Skip to main content

In Texas, what is the age that a minor child has to be to decide if they want to go with the non custodial parent?

Fort Worth, TX |

non custodial parent just up and left a year ago but still paid utilities and rent.

Attorney Answers 2


  1. In Texas, a minor child doesn't get to decide where they live. Only a parent or a Court can make that decision. At age 12, the minor child can tell a Court what they prefer, but the Court is the final decision maker, not the minor child.


  2. The court will decide what is in the best interest of the child

    There is no magic age when children get to decide visitation. The best interest of the child is the standard.

    The law regarding a child's 'right'* to choose is a matter for each State and jurisdiction. The judge in most States, not the child, makes the decision based on the best interest of the child. Although not a standard by any means, many States have begun to give 'consideration' to a child's declaration of custodial preference when the child reaches the age of twelve or thirteen, sometimes fourteen. There are even cases when children of age 9 are allowed to testify.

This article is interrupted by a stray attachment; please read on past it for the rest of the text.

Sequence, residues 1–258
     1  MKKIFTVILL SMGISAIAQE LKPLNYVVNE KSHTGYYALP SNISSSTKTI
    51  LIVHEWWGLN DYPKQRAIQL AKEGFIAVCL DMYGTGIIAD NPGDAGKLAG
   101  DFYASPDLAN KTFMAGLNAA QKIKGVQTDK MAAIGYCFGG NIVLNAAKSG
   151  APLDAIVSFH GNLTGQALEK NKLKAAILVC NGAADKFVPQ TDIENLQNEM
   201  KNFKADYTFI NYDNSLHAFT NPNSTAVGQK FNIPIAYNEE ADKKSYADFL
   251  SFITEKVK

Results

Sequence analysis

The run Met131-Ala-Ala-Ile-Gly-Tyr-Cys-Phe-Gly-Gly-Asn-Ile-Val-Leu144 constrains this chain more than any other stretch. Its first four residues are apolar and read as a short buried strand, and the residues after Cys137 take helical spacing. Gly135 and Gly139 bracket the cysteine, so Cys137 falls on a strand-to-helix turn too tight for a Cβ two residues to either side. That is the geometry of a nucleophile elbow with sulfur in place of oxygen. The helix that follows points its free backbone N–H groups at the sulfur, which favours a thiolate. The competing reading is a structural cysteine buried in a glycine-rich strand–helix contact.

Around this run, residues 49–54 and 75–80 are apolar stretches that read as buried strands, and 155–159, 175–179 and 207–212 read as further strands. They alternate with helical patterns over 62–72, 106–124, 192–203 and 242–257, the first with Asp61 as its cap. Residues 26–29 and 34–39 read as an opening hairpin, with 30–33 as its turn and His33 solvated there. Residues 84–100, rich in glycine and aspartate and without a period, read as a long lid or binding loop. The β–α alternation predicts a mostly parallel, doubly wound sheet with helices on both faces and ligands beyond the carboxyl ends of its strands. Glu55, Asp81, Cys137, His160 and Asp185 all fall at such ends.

The judge is normally given almost unlimited latitude in whether or not she or he listens to a child and how much weight to give to the child's wishes. In short, there is no specific "age" but the younger the child the less likely for a judge to give the stated preference much weight.

    Good luck to you.

    NOTE: This answer is made available by the out-of-state lawyer for educational purposes only. By using or participating in this site you understand that there is no attorney client privilege between you and the attorney responding. This site should not be used as a substitute for competent legal advice from a licensed WI professional attorney that practices in the subject practice discipline and with whom you have an atttorney client relationship along with all the privileges that relationship provides. The law changes frequently and varies from jurisdiction to jurisdiction. The information and materials provided are general in nature, and may not apply to a specific factual or legal circumstance described in the question.

Child custody topics

Top tips from attorneys

What others are asking

Can't find what you're looking for?

Post a free question on our public forum.

Ask a Question

- or -

Search for lawyers by reviews and ratings.

Find a Lawyer

Browse all legal topics